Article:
Although oxycodone addiction is the largest part of America’s opioid epidemic, The Recovery Village offers treatment programs that can help.

Oxycodone is a synthetic product of the opium poppy, similar to heroin, morphine and other addictive opioids. It is prescribed as a painkiller and creates a euphoric high, leading even an innocent user with a legal prescription to potentially crave the narcotic. Over time, this use can turn into an oxycodone addiction.

Oxycodone addiction is a medical condition and can be treated with the proper support and medical resources.

What Is Oxycodone?

Oxycodone is a narcotic analgesic or painkiller that’s been in America since the mid-1900s. It is a semi-synthetic opioid, meaning it is chemically manufactured from opium, a highly addictive drug derived from the sap of the opium poppy plant. Opioids are notoriously addictive substances because they trigger a rush of dopamine in the brain, which causes a euphoric high.

Pharmaceutical-grade oxycodone is most well-known under the following brand names:

  • OxyContin (oxycodone only)
  • Percodan (oxycodone and aspirin)
  • Percocet (oxycodone and acetaminophen)
  • Tylox (oxycodone and acetaminophen)

The United Nations Office on Drugs and Crime classified oxycodone as dangerous and included it in The Dangerous Drugs Ordinance in 1960. In the U.S., oxycodone is a Schedule II drug under the Controlled Substances Act. Schedule II is the second most dangerous classification of drugs. Drugs in this classification have limited medicinal value and pose a serious risk of abuse and addiction.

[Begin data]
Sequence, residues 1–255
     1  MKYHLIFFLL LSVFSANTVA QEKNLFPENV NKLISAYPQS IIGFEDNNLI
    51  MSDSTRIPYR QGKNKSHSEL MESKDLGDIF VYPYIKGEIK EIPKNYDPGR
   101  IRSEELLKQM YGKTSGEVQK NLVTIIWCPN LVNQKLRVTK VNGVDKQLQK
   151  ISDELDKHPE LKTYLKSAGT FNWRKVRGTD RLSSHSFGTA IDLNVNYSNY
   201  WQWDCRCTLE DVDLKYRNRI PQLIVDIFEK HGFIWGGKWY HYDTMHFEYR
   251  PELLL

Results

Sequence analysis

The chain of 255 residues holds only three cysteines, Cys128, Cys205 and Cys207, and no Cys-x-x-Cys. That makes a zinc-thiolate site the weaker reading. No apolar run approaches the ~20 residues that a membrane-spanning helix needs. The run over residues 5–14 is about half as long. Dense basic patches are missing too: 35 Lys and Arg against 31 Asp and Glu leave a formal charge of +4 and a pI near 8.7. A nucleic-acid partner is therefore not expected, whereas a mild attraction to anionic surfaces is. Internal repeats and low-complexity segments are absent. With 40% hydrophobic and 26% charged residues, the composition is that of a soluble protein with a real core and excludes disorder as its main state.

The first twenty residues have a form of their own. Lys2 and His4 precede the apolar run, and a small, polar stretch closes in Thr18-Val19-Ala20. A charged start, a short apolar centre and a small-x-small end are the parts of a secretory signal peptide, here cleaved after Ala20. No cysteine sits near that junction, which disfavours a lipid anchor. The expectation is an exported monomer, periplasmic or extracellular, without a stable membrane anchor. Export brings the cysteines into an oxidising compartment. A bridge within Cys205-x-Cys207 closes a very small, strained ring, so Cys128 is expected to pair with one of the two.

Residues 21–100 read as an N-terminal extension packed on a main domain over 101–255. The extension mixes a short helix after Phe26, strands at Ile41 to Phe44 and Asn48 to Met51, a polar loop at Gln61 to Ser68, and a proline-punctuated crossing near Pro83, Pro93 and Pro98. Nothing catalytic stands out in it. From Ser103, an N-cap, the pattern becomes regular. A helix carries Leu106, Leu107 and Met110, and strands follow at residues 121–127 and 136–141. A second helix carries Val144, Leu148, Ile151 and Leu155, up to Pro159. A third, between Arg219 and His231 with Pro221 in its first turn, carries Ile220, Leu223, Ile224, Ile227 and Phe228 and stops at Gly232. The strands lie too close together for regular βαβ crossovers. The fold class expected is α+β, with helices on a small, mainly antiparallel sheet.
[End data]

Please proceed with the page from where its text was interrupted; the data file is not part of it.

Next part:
Abusing oxycodone can easily lead to addiction. There are many physical and psychological consequences of oxycodone addiction, including the potential to fatally overdose. An oxycodone overdose can result in:

  • Cold and clammy skin
  • Low blood pressure
  • Low heart rate
  • Respiratory depression
  • Respiratory arrest
  • Coma
  • Death

Oxycodone is an oral medication. It comes in different pill, tablet, capsule and oral liquid formats. OxyContin pills range from 10–80 mg of oxycodone. Other medications, such as Percocet, Tylox and Percodan, include 2.5–10 mg of oxycodone per dose, as those medications mix the drug with other ingredients. These oral medications typically come in different colors and shapes, denoting many formulation strengths.

OxyContin Medication Types

  • 10 mg OxyContin is a white, round pill with 10 debossed on the surface
  • 15 mg OxyContin is a gray, round pill with 15 debossed on the surface
  • 20 mg OxyContin is a pink, round pill with 20 debossed on the surface
  • 40 mg OxyContin is a yellow, round pill with 40 debossed on the surface
  • 60 mg OxyContin is a red, round pill with 60 debossed on the surface
  • 80 mg OxyContin is a green, round pill with 80 debossed on the surface
  • 160 mg OxyContin is a blue, oval pill with 160 debossed on the surface

Percocet Medication Types

  • 2.5 mg Percocet is a pink, oval pill with 2.5 debossed on the surface
  • 5 mg Percocet is a blue, round pill with Percocet 5 debossed on the surface
  • 7.5 mg Percocet is an orange, oval pill with 7.5/325 debossed on the surface